Royal Botanical Gardens
Royal Botanical Gardens Logo.svg
TypeOrganizations based in Canada with royal patronage
Legal statusActive
PurposeAdvocate and public voice, educator and network
HeadquartersBurlington, Ontario, Canada
Coordinates43°17′28″N 79°52′33″W / 43.29111°N 79.87583°W / 43.29111; -79.87583Coordinates: 43°17′28″N 79°52′33″W / 43.29111°N 79.87583°W / 43.29111; -79.87583
Region served
Burlington and Hamilton, Ontario, Canada
Official language
English, French
Official nameRoyal Botanical Gardens National Historic Site of Canada
Designated1 January 1994[1]

Royal Botanical Gardens (RBG) is headquartered in Burlington owning extensive environmental protection areas, historic sites and culturally relevant gardens in Hamilton, Ontario, Canada. It is one of the major tourist attractions between Niagara Falls and Toronto, as well as a significant local and regional horticultural, education, conservation, and scientific resource. The mandate is derived by a Provincial Act of 1941 centred on human interaction with the natural world and protection of environmentally significant lands that form the western tip of Lake Ontario. Royal Botanical Gardens spans an area of about 10 km by 4 km, dominated by two coastal wetlands, and glacial-carved landscapes that extend from the lake up to the Niagara Escarpment plateau. The various gardens and natural areas are accessed through nine public entrance locations. It is one of several Prescribed Public Bodies listed under the Ontario Heritage Act.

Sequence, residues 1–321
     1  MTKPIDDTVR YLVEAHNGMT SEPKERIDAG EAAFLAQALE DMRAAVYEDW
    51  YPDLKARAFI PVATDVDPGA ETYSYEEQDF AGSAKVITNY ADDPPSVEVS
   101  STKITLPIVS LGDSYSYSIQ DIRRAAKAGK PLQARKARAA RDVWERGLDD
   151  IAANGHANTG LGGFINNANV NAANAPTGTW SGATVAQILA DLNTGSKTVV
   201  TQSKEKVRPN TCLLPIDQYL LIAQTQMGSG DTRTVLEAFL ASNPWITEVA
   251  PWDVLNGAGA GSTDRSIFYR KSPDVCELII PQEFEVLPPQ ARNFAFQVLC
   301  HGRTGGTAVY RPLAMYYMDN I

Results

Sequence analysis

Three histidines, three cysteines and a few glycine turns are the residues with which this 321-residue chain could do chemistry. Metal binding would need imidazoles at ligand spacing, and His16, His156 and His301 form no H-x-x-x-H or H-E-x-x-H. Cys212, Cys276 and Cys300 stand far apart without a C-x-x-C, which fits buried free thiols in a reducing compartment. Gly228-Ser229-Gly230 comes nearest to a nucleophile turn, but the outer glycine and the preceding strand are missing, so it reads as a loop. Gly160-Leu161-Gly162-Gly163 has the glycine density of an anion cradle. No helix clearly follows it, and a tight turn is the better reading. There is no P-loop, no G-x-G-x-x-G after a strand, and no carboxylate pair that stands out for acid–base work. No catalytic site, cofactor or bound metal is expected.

In 2006, in support of the United Nations Convention on Biological Diversity, Royal Botanical Gardens was selected as Canada's National Focal Point for the Global Strategy for Plant Conservation (GSPC) by Environment and Climate Change Canada.[2]

The 980 hectares (2,422 acres) of nature sanctuary owned by the Royal Botanical Gardens is largely a remnant of the Dundas Marsh Game Preserve created in 1927. The properties now carry many cultural and environmental designations. Multiple national historic site features are associated with area, with the site featuring prominently as a landing and connection point to other regions of the Great Lakes. It is considered an important plant biodiversity hotspot for Canada, with a very high proportion of the wild plants of Canada in one area; is an Important Bird Area according to Bird Studies Canada;[3] and is part of the Niagara Escarpment World Biosphere Reserve.[4] More than 1,100 species of plants grow within its boundaries including the Bashful Bulrush (Trichophorum planifolium) which is found nowhere else in Canada, and the largest remaining population of one of Canada's most endangered trees, the Red Mulberry (Morus rubra). Both of these plants are listed as Endangered in Canada under the Species at Risk Act.[5][6] In 2008, the RBG was designated as an Important Amphibian and Reptile Area by CARCNET, the Canadian Amphibian and Reptile Conservation Network. Several plants listed on various Endangered Species Protection programs are held for protection and education purposes in various garden areas.

Unusually Royal Botanical Gardens is both the owner of the land under Cootes Paradise and Grindstone Marsh as well as regulator of activities on the water, despite it being an inlet of Lake Ontario. Water area activity regulation was formerly under the Hamilton Harbour Commission (Now Hamilton Oshawa Port Authority) as part of the areas historical federal port regulation. In the late 1970s the Harbour Commission and Royal Botanical Gardens made an agreement transferring regulation of use of the water area to the Gardens in support of its environmental protection mandate. However, Royal Botanical Gardens has no regulatory control over the quality of water flowing into its wetlands.


Plaque with history on T. B. McQuesten, the founder of Royal Botanical Gardens.